Roma Sur's book "World of Manick Sorcar, Where Art Becomes Magic" was formally launched in the United States, after it's successful launch in India earlier this year. The launch took place at the Event Hall of the prestigious Tattered Cover Book Store at the Historic Lodo of Denver, Colorado. There were about 150 attendants who came from within and outside the State of Colorado.
The program started with Manick Sorcar's "Imagination", a laser show designed specially to welcome incoming guests at the book launch. The show was followed by an introduction from the author, Roma Sur. Explaining her inspiration for the book, she stated:
“From small seeds come very big ideas!” said Professor Sheila Schroeder when I shared the news of my book signing with her. Eight years ago I met Sorcar for the first time when I was producing a student documentary film at the University of Denver. It was for the Introduction to Field Production class, taught by Prof. Schroeder. My subject was Sorcar, known by his nick-name Manick. Manick was well-known for his animation films featured every year on the PBS channels. When I stepped into his magnificent house, designed by him, I was mesmerized by his multi-media artworks ranging from spice art to Styrofoam art and even newspaper clipping portraits of famous personalities. Manick’s house was his tribute to his rich Indian heritage. His studio was packed wall to wall with awards for his animation work. Who is this man, I thought to myself? It turned out that during the day he was the CEO of his engineering firm, Sorcar Engineering and at night he transformed into an artist cum animator. Just like that! Like many others, I asked him how did he find time to do all this? He said, as I have quoted in my preface, 'if you love what you do, you will find time to do it!' At some point during the house tour, which was more like an art gallery tour, an idea started brewing in my head. I told myself that one day I will compile this man’s work and present it on one single platform.
What you see today, is a result of that idea. Even though it was quite a challenge to capture Manick’s world in a two minute documentary, it finally got done. But my research for this book had just begun. Manick’s library of scrapbooks took me all the way back to his childhood days in Bengal, when he was the lighting assistant to his father’s stage shows. His father was none other than the legendary magician PC Sorcar. As I rummaged through his scrapbooks, stories and anecdotes behind his work started emerging. I found this lovely picture of his father during a famous magic show that tells the story of how Manick found his interest in lighting. I decided to include it in the Engineer Chapter of the book. (Reads an excerpt from ‘The Sputnik Illusion’).
As I started writing the Artist Chapter, I thought one of the best ways to describe Manick was one who has the soul of an artist and the mind of an engineer. Manick’s magic lies in taking an ordinary subject like, lentil or spice and turning it into something exquisite, like the image of Hindu Lord Ganesha which you can see the second chapter. He used 17 different spices to create this portrait.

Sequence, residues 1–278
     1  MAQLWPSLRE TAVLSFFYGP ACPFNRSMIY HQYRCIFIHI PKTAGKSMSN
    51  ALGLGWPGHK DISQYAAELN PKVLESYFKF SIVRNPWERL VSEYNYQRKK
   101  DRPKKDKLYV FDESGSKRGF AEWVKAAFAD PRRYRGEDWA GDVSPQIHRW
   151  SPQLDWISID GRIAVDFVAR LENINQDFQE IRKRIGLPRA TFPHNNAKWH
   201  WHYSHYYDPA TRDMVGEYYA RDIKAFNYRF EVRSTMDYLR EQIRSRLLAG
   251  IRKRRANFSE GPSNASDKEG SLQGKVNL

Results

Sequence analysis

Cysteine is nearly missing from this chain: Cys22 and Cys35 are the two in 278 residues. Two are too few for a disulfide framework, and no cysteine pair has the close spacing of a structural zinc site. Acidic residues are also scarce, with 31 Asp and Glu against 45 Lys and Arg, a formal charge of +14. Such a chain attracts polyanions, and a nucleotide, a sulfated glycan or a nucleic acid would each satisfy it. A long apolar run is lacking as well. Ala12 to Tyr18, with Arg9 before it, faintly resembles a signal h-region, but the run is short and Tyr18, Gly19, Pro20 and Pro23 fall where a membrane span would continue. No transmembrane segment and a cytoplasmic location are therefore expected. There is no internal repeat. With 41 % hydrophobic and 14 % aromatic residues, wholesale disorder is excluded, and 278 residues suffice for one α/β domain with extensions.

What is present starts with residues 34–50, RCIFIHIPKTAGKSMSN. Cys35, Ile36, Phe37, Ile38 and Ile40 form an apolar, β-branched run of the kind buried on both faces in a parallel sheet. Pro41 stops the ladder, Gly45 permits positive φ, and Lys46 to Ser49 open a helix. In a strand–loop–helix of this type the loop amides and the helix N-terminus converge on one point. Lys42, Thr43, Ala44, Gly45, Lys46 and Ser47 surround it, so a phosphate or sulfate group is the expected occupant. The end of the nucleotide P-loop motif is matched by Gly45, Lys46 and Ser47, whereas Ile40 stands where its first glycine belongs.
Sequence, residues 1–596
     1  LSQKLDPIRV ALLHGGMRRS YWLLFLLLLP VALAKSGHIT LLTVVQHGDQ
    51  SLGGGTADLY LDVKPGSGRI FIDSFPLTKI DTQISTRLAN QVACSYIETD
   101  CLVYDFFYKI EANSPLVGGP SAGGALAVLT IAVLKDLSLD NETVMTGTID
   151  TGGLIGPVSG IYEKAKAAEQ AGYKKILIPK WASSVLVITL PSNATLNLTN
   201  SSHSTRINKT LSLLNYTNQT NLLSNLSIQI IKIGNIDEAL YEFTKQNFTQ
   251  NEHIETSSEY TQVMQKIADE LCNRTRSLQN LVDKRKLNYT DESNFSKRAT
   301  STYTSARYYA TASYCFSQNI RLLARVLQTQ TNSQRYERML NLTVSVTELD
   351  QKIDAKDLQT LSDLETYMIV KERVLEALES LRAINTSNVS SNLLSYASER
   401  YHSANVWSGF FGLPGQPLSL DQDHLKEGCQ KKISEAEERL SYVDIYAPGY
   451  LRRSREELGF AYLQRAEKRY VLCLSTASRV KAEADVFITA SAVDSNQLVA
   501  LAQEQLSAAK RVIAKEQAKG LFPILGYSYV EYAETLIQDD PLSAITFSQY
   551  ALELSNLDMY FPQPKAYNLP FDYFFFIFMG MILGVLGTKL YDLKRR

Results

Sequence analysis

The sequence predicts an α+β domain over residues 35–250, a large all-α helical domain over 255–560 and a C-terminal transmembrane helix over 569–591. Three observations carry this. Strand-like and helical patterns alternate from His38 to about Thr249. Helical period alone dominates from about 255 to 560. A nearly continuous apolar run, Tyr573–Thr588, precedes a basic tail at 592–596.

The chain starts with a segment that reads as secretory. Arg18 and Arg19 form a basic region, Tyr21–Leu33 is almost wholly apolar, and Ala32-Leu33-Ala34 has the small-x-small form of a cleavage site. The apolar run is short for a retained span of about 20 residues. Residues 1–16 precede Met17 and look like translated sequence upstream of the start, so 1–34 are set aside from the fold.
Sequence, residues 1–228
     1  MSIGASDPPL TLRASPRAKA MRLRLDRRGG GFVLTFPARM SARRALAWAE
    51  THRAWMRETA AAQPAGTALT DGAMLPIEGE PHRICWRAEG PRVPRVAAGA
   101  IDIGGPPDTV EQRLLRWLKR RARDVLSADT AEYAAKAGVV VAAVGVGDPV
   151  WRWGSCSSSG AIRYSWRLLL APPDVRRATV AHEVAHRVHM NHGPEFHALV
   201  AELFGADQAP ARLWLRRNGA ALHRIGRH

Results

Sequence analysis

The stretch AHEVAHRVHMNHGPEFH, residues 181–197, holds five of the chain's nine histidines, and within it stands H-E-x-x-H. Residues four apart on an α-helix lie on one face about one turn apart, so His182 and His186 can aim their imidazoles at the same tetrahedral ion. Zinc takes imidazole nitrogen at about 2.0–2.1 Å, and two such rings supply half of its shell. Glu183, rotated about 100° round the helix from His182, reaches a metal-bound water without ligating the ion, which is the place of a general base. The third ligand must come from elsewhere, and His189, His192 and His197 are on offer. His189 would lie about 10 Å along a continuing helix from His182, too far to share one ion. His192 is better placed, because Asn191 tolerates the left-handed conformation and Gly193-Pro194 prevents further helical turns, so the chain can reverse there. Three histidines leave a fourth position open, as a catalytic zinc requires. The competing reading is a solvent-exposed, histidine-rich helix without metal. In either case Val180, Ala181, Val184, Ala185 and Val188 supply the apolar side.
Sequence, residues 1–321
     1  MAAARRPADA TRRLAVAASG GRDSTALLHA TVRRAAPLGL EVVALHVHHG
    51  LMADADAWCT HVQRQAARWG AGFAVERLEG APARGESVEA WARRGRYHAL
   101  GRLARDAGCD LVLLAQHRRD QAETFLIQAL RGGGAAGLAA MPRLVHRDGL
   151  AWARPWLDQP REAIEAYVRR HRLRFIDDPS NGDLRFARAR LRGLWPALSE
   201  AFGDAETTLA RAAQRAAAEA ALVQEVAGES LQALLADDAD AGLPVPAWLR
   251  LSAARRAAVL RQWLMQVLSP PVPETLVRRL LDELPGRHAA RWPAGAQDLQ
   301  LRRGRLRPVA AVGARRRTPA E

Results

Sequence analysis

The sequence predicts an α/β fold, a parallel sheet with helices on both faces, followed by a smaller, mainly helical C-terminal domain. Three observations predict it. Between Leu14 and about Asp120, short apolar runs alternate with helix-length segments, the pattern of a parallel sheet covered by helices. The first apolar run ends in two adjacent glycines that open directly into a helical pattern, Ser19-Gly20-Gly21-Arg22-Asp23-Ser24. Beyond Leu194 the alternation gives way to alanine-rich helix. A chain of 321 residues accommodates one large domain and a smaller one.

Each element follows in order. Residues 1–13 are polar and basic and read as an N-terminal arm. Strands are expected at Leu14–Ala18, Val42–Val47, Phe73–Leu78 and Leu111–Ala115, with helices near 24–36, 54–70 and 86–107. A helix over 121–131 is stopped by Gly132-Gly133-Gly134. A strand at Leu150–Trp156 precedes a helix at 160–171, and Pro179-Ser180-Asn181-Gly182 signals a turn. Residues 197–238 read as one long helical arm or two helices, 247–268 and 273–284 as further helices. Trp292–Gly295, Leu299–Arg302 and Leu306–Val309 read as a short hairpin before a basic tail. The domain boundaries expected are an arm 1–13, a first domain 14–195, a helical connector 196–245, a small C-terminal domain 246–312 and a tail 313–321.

It’s almost impossible to choose a favorite among his artworks, because they are all so rare and one-of-a-kind. But I always find the peanut art really interesting as the story behind it. In Manick’s own words (reads from the section ‘Assorted Art.’)
At a dinner party at my place Manick gifted me a couple of his cartoon books. It was one of the most fun and laughter-filled evenings in my memory. Manick was in his elements, enacting the jokes from his book. I thought these books were one of the most hilarious representations of the idiosyncrasies of an immigrant. I chuckle every time I see the one on page 104. I think it is one that every immigrant can relate to. Trust me you’ll hear that all the time.
My personal favorite is the Chapter on Animator. I love the rich colors of his characters from age old Indian folk tales. I grew up on those and it’s a joy to see them come alive with Manick’s artistic insight and computer wizardry. Deepa and Rupa is one of his landmark films that blended live action with animation and received a lot of recognition. Manick talks about some of the challenges in self-producing a film of such magnitude in the Chapter on Animator.
Over the years I have observed the constant tussle between the artist and the engineer within Manick that finally culminated in his laser shows – a splendid marriage of science and art! Laser gave him the opportunity to harness his skills as a lighting engineer, an artist, a cartoonist and an animator and display them as extravagant stage shows with live action, dazzling light and laser animation. The introduction to this Chapter shows an image that Manick drew on a paper napkin, while at a party. The actual scene from the stage show is shown later in the Chapter. It’s a scene from the Enlightenment of Buddha, which later won him the prestigious ILDA Artistic award. It’s interesting that something that earned him the First Place at the ILDA awards, was actually born on a paper napkin in the middle of a party.
From lighting to laser, it has been an amazing journey for Manick and for me as the author of the book. Laser is truly Manick’s magic wand. It seems the artist is finally at peace. Or is he? Let’s ask the man himself".